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Smokin'

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★★★★½
(23 Reviews)

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  • Forget Jagger and the Stones.

    Stevie Marriott was THE MAN.

    Stevie Marriott and Humble Pie were THE BEST British Hard-Rock band of the early 1970s. Who else but that little dervish with the monster vocals could rush from one end of the stage to the other in seconds, then strut his stuff from back at the drum set to the very front mike to deliver a blistering wail or put down some solid licks off his Black Les Paul? Ever see Jagger do that? Or Stewart?? Roger Daltrey???

    Nah, none of them had the energy of Marriott who could do all of what they did and with a guitar strapped to him. He was the consummate frontman – screamin’ Steve and played guitar with wild abandon.

    “Smokin’” found Marriott at the peak of his powers and of his career. He proved, on this album, that even with the departure of Peter Frampton, the Pie was a Rock and Roll force to be reckoned with. “Black Lebanese, It Got You Weak in Your Knees. Newcastle Brown…” – and who can forget “You Take A Greasy Whore Add A Rolling Dance Floor” – Heh Heh – the lyrics of that great rock and roll song “Thirty Days in the Hole” which epitomizes the rock power of this album.

    But wait there’s more – much more. Besides “30 Days” there was “Hot and Nasty” with Marriott wailing on both voice and organ, tasty licks provided by Clem Clempson, the solid bass and drums of Greg Ridley and Jerry Shirley, and backing vocals courtesy of Stephen (yep, that’s right) Stills and Rick “Foreigner, Peter Frampton, Bad Company” Wills; that raucous version of Eddie Cochran’s “C’mon Everybody”, Ridley and Marriott’s “Sweet Peace and Time”, and Ridley (with Clem) on “Old Time Feeling”. The Pie – fuelled by Marriott’s voice, the twin guitar energy of Marriott and Clempson, and the driving rhythm section of Ridley and Shirley, Nah, Nothin’ could be finer.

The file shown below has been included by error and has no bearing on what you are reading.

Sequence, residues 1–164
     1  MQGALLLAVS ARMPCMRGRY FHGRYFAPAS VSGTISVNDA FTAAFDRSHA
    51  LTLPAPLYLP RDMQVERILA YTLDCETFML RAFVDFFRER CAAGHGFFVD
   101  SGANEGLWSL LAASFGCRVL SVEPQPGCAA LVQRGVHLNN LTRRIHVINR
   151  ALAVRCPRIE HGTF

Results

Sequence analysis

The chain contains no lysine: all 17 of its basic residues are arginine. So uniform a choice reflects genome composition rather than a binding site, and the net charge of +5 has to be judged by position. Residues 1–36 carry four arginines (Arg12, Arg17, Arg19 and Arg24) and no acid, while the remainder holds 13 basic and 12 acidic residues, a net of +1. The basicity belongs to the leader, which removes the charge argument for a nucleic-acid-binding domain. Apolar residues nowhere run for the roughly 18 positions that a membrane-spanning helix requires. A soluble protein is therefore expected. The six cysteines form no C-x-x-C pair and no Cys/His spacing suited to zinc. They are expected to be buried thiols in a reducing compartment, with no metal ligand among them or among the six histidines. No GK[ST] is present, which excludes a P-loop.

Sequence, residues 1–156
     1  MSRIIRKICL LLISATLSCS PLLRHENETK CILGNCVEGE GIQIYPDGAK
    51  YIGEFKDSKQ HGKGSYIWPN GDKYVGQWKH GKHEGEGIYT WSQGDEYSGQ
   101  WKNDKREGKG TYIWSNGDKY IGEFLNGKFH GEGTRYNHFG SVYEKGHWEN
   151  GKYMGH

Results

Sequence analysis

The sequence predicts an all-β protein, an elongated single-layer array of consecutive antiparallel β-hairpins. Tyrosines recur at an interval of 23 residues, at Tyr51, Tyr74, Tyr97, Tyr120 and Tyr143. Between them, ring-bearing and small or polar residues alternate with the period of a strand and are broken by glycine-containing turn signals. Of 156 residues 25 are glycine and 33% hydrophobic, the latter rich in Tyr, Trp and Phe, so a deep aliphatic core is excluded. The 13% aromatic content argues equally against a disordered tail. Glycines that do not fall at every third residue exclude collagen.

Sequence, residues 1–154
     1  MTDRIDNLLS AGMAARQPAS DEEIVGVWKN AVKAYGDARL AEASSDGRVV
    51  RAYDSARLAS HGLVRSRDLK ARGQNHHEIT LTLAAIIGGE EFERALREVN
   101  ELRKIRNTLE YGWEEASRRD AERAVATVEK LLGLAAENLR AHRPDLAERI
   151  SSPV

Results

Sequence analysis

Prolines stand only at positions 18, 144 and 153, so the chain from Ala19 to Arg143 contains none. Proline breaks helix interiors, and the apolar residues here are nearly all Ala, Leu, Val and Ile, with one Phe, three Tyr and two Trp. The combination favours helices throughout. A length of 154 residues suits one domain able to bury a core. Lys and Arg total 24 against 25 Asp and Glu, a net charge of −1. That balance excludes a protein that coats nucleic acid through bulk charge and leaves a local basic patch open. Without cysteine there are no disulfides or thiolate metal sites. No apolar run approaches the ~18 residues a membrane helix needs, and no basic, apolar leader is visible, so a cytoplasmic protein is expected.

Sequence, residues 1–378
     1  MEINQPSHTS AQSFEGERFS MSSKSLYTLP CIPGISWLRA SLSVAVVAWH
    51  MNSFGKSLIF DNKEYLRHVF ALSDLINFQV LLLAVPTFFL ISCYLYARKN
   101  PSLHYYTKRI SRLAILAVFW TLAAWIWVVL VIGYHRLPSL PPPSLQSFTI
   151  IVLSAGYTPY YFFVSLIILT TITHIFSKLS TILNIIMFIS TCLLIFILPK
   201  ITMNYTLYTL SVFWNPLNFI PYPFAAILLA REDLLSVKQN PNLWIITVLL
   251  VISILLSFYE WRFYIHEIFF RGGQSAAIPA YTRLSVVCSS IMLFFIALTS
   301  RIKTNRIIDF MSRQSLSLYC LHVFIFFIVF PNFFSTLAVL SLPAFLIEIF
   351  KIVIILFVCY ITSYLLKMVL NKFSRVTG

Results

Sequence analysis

There wasn’t a bad track on this album, excepting perhaps “Road Runner’s C Jam” which was recording in the jam spirit of the 1970s but perhaps a tad too long.”Smokin’” was indeed one of the best Rock and Roll albums and arguably the Pie’s best. Unfortunately by the next year and the next album Marriott had pushed his I wanna be Wilson Pickett too far, his drug use had become too excessive, his marriage went kaput, and the Pie went downhill fast. Had Marriott stayed stable, energetic and the Pie remained on that hard rock formula, who knows? They very well might have given the Stones a run for their money. At any rate, when the Pie dissolved in ‘75, Stone(d) Keith Richards was so taken with Marriott’s vocal abilities and guitar prowess (they had been friends for years) that he placed him on the short list to replace Mick Taylor. Evidently during Marriott’s rehearsal with the Stones he got so carried away and enthused that Mick Jagger was so intimidated that he sternly told Richards – NO MARRIOTT.

    And don’t forget Jimmy Page years earlier had approached Marriott to join a band he was forming called Led Zeppelin, only to be told by Marriott’s then-manager Don Arden (yes, Sharon Osbourne’s daddy)that he could only do so if he wanted his legs broken!

    Even during the post-Pie period, with a voice wrecked from a few too many catawails and too much good booze and bad drugs, Marriott could still wow an audience.

    No doubt Marriott was one of the best rock and roll frontmen, but also one of Britain’s finest showmen in the Cockney Music Hall tradition too. His sad death – smoking in bed after returning to Britain following recordings with Peter Frampton in 1991 – deprived rock and roll of one of the absolute greats.

    Posted on January 31, 2010